Drumming Rudiments For Beginners

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If you’re new to drumming, you may be wondering where to start. Luckily, it’s very easy to get started as there are only a few basic fundamentals to all drumming. But you do need to learn, practice, and one day master them. This article will present the most popular drumming rudiments for beginners just starting out.

Those fundamentals come in the form of drum rudiments. Wikipedia says that in total, there are 850 rudiments. But in all honesty, that’s way beyond overkill. It would completely block most would-be drummers from ever continuing their practice.

There are 40 common drumming rudiments for beginners and they apply to all drummers, not just beginners. And even that is a little like overkill. Because most drumming comes from the most beginner friendly top 5 rudiments.

  1. The single-stroke roll,
  2. double-stroke roll,
  3. paradiddle,
  4. flam, and
  5. the closed roll.

These 5 rudiments are the fundamentals of all drumming. Everything you would ever play as a drummer is either a single hit, a double hit, flams, or closed rolls.

This does go a step further to include triple hits (with a single hand). But that too seems a little like overkill. Unless you were a dedicated rudimentary or marching-type drummer. Of course, you would then want to master all 4o of the common rudiments.

But as stated, these 5 rudiments cover most of the main drumming requirements.

Drumming Rudiments for Beginners – Sticking Vs Rudiments

To expand these top 5 rudiments, the best way is through:

  1. Various rolls  & lengths – (covered later in this article)
  2. Various sticking combinations

Expansion Through Various Rolls

Later in this article, we will expand upon the single and double-stroke roll. Into playing an exact number of hits within a roll. We begin with the 5-stroke roll. Which is formed from either 5 single strokes, or 2 right, 2 left, and 1 single stroke (to make 5 strokes). The 5-stroke roll can then be expanded into 9, 11, 13, 15, 7, and 19-stroke rolls using either single or double strokes.

Expansion Through Varius Sticking Combinations

There is a very good book that most intermediate and advanced drummers swear by. That book is Stick Control by George Lawrence Stone. Now I don’t want to upset the apple cart as most drummers will swear by this book. But, it too, from my perspective is a little overkill. But that’s only my personal opinion or preference.

That book, for the most part, is dedicated to variations on single and double strokes. For example, if a single stroke roll goes R, L, R, L. A double stroke roll uses RR, LL, RR, LL. Then Stick Control has approximately 24 exercises for about 10 pages. Full of variations of single and double strokes. But that rather reminds me of what Bruce Lee said, “I am not afraid of the man who has learned 10,000 punches. But I am deadly afraid of the man who as learned 1 punch and practiced it 10,000 times”

Now even my remarks here are somewhat based on that quote and I don’t mean to sound too harsh. Because the book goes into other reading material too, which in my view is where the value of that book lies. But having said that, the whole book is a fantastic book. It will help you to begin expanding your drumming rudiments without end. But the top 5 (or so) must come first.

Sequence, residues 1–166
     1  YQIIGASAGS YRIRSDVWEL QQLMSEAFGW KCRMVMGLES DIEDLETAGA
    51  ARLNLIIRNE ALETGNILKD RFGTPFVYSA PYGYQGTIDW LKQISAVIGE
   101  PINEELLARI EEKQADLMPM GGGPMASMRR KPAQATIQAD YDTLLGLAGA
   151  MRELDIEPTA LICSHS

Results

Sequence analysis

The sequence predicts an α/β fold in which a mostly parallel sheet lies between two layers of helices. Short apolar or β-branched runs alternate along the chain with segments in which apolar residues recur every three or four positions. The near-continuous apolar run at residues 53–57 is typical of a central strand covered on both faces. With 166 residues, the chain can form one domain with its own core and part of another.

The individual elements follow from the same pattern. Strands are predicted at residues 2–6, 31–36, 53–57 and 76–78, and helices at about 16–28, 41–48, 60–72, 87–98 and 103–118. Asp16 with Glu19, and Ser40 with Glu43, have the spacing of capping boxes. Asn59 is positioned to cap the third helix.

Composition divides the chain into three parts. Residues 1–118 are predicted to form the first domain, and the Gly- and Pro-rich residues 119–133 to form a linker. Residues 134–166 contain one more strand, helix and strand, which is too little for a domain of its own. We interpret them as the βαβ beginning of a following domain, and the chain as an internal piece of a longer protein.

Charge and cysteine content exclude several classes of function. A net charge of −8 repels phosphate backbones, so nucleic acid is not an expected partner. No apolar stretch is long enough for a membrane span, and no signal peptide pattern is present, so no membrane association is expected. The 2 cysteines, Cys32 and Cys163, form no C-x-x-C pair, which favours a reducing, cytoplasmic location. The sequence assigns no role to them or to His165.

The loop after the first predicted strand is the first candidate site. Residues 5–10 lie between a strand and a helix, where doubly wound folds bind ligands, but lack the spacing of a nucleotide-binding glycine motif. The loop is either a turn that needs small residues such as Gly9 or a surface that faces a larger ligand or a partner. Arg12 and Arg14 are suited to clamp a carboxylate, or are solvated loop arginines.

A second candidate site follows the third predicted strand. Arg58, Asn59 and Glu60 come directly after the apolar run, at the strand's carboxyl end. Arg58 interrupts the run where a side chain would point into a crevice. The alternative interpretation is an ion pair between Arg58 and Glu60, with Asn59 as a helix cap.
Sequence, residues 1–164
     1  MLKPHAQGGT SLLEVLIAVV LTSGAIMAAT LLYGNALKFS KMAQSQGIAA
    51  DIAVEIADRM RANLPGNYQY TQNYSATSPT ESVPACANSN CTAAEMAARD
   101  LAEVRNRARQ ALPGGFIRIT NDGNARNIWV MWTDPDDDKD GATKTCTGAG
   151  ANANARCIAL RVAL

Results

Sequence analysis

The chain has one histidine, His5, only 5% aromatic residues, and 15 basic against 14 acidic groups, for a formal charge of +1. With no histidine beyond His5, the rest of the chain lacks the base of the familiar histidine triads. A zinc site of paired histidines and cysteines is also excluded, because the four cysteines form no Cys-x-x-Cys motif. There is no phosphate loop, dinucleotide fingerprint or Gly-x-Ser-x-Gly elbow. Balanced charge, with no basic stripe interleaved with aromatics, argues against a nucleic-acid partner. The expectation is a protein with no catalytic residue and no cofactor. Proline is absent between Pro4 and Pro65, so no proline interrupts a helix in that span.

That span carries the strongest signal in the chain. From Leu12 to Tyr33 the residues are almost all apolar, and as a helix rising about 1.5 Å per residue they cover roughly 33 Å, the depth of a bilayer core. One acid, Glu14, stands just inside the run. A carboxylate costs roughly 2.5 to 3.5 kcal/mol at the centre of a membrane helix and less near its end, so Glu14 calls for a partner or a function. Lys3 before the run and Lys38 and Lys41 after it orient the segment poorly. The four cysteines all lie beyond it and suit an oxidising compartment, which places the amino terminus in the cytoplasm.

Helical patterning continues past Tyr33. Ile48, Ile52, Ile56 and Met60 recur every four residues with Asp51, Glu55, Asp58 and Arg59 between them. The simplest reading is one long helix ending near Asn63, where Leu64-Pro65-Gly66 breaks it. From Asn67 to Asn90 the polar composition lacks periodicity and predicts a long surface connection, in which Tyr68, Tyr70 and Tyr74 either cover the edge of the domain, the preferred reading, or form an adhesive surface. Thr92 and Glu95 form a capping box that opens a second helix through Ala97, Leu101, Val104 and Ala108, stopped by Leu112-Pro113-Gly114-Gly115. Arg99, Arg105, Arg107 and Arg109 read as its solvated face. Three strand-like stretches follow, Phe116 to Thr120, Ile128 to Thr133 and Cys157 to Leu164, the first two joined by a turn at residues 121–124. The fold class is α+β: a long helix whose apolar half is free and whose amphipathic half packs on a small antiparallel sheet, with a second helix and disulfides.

I do still recommend that book to all beginners. Even if you spend the first year of your drumming practicing only 5-10 of the initial exercises. In fact, I recommend that in the beginning, you learn the top 5 rudiments and then expand on those. Through the first 10-20 exercises in the stick control book.

But remember the stick control book is a supplement. It’s a way to expand on your initial rudimentary practice so make the top 5 rudiments your priority. But for now, let’s go right to the beginning.

Single-Handed Drumming Stroke

One of the most important rudiments is the single stroke. This is a single hit on the drum with your dominant hand. To produce a proper single stroke, you should use the muscles in your forearm, along with your wrist.

For brevity, start by holding your stick close to the end. With about one inch of the stick poking out of your hand, near the wrist joint. Then strike the drum with a quick, downward motion. Remember to keep your wrist loose – if you grip the stick too much, you won’t be able to produce a clean stroke. You may want to read this How To Hold Sticks Drum Coach article to get to grips with holding the drumsticks.

This exercise can often be completely overlooked. And instead, most drummers move into single-stroke rolls and double-stroke rolls. Without giving the single stroke the attention it deserves. Having said that, like anything in drumming the single stroke (the way you hit a drum) is developed over time.

You should practice the single stroke with each hand until you feel comfortable.

The Single Stroke Roll

After practicing the single stroke, it’s time to move on to the single stroke roll. The single-stroke roll is one of the most basic drum rudiments. It forms the foundation for many more complex patterns. A single-stroke roll is a series of alternating strokes on the same (to begin with) drumhead.

To execute a single-stroke roll. Start by holding your sticks in each hand and placing them in the starting position. (see the How To Hold Sticks article). Then, use a consistent amount of pressure to strike the head with the stick. Starting with your dominant hand. Let the rebound of the stick on the drumhead carry the stick back to a perpendicular (90%) position.